Boats, trains and automobiles

(this post is for Monday, 12 September, 2011)

As noted previously, Stockholm focuses firmly on water travel. Built on fourteen islands and employing over fifty bridges to join them all, Stockholm integrates boat travel into its metro transit system. We were able to catch a water taxi outside out hotel, and mere minutes later we were dropped off where it would have taken the best part of an hour to get to by bus or train, schedules permitting.

Stockholm is situated between the Baltic Sea and a large inland lake. Water flows from the lake around Stockholm’s islands and into the sea. This causes some awkward currents in certain stretches of the canals, and these are dealt with by locks.

The remainder of the transit system is as advanced and efficient as one might expect. Each bus it equipped with a GPS transponder and communicates with the central computer, giving its exact location. A calculation is made as to when the bus will reach its next stop, and this is displayed on a digital screen on each bus-stop awning. Simple, effective and used throughout Europe. Each bus-stop has a time table of departure times from that particular stop. Should a bus arrive ahead of it’s expected arrival time, it will wait, idling until it’s scheduled departure time. How odd we found this, urging the driver to pull away regardless. I guess we have a different mindset to the Swedes.

Our last day in Stockholm was spent maximising our ‘Stockholm Card’ which gave us unlimited access to the museums and transport. We availed ourselves of the Swedish Architecture museum, the Modern Museum, Nordic Museum and more buses, trams, and trains than you can shake a stick at. Often to hop off one train to jump onto another going in the opposite direction simply because we didn’t know how to get out of the station… Our two cards were those that Stockholm made a loss on, we’re pretty sure of that!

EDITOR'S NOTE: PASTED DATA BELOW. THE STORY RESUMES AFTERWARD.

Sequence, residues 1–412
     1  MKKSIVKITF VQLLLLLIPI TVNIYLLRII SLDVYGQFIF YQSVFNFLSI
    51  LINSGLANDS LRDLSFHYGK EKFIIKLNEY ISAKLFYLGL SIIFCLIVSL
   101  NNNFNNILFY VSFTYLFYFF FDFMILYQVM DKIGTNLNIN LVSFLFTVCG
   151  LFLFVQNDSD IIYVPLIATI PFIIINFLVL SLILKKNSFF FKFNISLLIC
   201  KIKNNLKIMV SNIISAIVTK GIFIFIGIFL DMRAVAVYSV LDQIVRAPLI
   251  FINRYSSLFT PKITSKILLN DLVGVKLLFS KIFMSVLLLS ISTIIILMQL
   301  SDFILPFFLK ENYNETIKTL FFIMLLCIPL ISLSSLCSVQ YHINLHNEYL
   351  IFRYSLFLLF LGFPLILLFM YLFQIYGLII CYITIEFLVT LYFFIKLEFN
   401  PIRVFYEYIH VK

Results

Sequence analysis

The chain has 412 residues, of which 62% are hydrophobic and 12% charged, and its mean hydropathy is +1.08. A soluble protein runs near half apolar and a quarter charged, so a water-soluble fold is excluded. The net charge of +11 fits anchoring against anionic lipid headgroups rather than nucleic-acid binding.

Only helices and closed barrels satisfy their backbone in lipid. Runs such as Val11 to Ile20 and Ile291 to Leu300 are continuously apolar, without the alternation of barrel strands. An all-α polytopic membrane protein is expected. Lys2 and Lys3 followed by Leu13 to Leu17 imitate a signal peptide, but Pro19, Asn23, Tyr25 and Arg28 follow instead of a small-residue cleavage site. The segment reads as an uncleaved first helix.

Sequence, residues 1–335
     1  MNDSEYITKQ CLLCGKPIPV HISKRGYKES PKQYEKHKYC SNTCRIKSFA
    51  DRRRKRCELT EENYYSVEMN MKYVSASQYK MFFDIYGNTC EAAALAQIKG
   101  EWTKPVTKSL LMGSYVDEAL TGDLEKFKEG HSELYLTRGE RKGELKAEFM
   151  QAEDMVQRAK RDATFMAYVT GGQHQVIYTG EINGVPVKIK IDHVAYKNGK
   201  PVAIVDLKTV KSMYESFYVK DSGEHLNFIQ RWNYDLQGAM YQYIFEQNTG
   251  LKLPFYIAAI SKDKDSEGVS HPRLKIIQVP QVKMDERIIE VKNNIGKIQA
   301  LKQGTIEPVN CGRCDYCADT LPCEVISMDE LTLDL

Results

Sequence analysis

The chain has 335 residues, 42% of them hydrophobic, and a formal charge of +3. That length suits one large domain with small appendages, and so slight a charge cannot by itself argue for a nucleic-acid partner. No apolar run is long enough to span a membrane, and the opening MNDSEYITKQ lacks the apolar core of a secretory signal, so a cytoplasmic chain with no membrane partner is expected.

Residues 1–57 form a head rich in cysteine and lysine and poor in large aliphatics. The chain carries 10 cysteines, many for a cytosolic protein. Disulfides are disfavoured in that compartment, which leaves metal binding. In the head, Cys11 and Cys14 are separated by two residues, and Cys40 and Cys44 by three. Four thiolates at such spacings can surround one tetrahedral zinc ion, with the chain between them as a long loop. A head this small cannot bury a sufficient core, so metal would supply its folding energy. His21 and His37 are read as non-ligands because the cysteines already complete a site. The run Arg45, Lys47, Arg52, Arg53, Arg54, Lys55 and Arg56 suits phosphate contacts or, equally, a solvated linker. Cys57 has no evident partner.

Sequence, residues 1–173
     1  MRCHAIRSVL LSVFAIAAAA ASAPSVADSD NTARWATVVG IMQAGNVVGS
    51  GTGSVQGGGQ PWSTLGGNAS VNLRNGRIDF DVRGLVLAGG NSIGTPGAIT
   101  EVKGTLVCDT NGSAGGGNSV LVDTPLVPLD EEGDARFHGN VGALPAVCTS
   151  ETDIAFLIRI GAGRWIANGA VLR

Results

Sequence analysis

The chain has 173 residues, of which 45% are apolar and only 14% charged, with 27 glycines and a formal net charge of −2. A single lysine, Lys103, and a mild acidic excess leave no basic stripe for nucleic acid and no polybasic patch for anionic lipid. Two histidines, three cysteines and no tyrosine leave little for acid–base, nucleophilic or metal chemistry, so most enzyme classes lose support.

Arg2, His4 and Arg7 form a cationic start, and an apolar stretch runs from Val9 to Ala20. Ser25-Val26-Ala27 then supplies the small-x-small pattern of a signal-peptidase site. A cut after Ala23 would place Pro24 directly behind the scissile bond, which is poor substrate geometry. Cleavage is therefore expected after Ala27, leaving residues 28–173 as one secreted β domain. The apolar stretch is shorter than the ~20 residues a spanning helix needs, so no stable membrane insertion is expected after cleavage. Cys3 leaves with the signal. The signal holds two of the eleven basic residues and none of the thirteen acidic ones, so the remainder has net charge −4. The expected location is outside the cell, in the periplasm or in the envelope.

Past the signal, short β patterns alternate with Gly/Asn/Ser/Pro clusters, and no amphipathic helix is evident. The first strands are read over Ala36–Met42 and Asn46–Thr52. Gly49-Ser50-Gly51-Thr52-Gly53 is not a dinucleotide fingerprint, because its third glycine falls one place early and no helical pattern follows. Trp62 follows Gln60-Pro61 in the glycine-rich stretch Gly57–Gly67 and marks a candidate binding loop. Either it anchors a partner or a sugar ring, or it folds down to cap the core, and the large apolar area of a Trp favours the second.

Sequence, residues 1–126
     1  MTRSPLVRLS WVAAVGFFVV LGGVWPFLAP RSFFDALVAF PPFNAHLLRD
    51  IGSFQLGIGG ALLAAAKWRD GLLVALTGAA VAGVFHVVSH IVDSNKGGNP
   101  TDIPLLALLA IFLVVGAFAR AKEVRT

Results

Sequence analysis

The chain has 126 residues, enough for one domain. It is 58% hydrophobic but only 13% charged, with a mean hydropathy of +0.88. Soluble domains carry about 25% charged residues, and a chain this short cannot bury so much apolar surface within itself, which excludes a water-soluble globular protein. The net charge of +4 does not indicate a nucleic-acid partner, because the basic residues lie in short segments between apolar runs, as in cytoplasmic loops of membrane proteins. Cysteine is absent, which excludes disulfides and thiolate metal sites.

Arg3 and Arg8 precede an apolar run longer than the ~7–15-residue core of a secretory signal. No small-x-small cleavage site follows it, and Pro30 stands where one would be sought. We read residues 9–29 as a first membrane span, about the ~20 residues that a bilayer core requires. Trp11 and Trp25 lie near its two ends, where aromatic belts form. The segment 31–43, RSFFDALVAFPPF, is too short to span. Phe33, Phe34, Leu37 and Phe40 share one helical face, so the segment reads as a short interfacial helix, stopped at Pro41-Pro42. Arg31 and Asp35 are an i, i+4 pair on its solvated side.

We had jumped on a bus to see some of the city. We had little clue that this bus was headed out of town and was taking us to see the Swedish rednecks. We got wind of this, hopped off and onto another bus that the driver laughingly assured us was going into town. He meant we were off to a train station where we could catch a train to town. Getting there, we found ourselves on the wrong side of the station, and without the northern hemisphere sun to misguide us, we were totally lost. Our only option was to catch a train BACK to Gamla Stan, and from there a bus to our hotel. We managed just fine, proving that even incompetent fools can manage in Sweden. We’re pretty sure the country has a bright future!

     Aperture: ƒ/8 Camera: Canon EOS 5D Mark II Focal length: 50mm ISO: 320 Shutter speed: 1/50s
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